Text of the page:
"One disease, millions of lives disrupted."
Alzheimer's disease is one of the most devastating diagnoses to hear. But does that mean patients should be kept in the dark about whether or not they have it? (Video via Alzheimer's Association)
According to a new study by the Alzheimer's Association, that's the case for more than half of people who have the degenerative brain disease.
The association studied Medicare data from 2008 to 2010 for more than 16,000 patients. Researchers analyzed that data to see who received Alzheimer's-specific treatment and whether those patients said they knew they had the disease. Fewer than half reported being given a diagnosis by their doctors.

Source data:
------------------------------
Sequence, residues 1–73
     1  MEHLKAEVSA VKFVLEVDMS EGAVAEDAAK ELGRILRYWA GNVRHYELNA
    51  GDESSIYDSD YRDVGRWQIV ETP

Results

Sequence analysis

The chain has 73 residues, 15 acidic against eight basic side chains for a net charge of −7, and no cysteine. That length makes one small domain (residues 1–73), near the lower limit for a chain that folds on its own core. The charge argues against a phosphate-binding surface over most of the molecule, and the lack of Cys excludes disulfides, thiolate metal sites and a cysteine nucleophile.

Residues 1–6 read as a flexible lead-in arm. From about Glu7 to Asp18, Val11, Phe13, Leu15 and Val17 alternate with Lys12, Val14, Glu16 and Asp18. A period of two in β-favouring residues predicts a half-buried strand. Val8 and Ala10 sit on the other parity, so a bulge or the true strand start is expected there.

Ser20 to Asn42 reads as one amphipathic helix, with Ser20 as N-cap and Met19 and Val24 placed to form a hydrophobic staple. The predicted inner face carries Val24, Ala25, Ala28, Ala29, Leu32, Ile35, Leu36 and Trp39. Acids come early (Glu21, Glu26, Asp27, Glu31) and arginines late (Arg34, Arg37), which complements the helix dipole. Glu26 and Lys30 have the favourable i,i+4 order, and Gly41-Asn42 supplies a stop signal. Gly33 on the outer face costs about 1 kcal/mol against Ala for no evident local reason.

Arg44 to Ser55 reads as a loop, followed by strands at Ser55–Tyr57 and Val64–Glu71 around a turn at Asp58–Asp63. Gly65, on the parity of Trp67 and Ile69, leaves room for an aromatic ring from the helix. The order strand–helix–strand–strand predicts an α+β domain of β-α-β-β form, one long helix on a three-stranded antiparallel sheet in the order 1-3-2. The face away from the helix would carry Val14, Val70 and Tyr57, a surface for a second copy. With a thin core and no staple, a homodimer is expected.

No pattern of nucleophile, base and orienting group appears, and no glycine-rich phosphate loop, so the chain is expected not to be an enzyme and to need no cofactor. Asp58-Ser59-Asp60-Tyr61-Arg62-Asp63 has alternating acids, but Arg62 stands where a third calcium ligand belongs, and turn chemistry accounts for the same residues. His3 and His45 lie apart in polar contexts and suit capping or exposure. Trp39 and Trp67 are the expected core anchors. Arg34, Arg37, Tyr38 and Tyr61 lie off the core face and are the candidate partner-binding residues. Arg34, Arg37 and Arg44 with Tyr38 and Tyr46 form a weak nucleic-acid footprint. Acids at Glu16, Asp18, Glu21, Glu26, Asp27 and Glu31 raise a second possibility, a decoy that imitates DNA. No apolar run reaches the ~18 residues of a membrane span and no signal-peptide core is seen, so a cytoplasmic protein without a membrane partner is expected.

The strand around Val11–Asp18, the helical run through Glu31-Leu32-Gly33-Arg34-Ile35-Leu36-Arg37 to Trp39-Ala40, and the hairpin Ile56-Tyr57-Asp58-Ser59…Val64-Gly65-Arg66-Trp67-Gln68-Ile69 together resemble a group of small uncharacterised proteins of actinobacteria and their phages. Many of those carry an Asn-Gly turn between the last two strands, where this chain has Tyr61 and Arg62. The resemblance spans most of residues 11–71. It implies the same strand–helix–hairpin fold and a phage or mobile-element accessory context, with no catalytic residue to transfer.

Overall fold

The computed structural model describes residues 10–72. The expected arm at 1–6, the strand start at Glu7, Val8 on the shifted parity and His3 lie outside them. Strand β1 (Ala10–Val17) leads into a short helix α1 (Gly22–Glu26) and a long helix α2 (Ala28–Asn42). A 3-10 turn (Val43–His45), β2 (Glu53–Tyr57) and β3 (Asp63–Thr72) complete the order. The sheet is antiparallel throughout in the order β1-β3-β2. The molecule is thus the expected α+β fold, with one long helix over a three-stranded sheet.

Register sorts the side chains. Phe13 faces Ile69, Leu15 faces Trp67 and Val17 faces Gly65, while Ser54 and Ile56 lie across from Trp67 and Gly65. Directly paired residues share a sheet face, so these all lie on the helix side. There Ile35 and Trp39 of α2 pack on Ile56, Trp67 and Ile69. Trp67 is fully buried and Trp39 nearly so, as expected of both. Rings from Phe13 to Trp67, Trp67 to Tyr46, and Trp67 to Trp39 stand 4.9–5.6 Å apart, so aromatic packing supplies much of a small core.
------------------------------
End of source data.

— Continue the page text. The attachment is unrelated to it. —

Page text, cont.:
The report says doctors who don't disclose the diagnosis to their patients are primarily worried about the same thing: causing emotional distress. Ironically, these same doctors are aware of the benefits that come with a truthful diagnosis.
Alzheimer's Association researcher Keith Fargo told Time, "What struck us was that physicians generally understand the positive benefits of disclosing the diagnosis, and agree with those benefits."
This trend among doctors — treating patients but not disclosing the diagnosis — is apparently not a new one.
Today, the disclosure rate among doctors for the four most common cancers is at 90 percent, but according to the new report, that percentage was "disturbingly low" back in the '50s and '60s. (Video via YouTube / BioDigital)
The full report also details the latest facts and figures surrounding Alzheimer's disease. Alzheimer's is the sixth leading cause of death in the United States. It's the only cause of death in the top 10 that cannot be prevented, cured or slowed; and one in every three seniors develops the condition before they die.
This video includes images from Getty Images.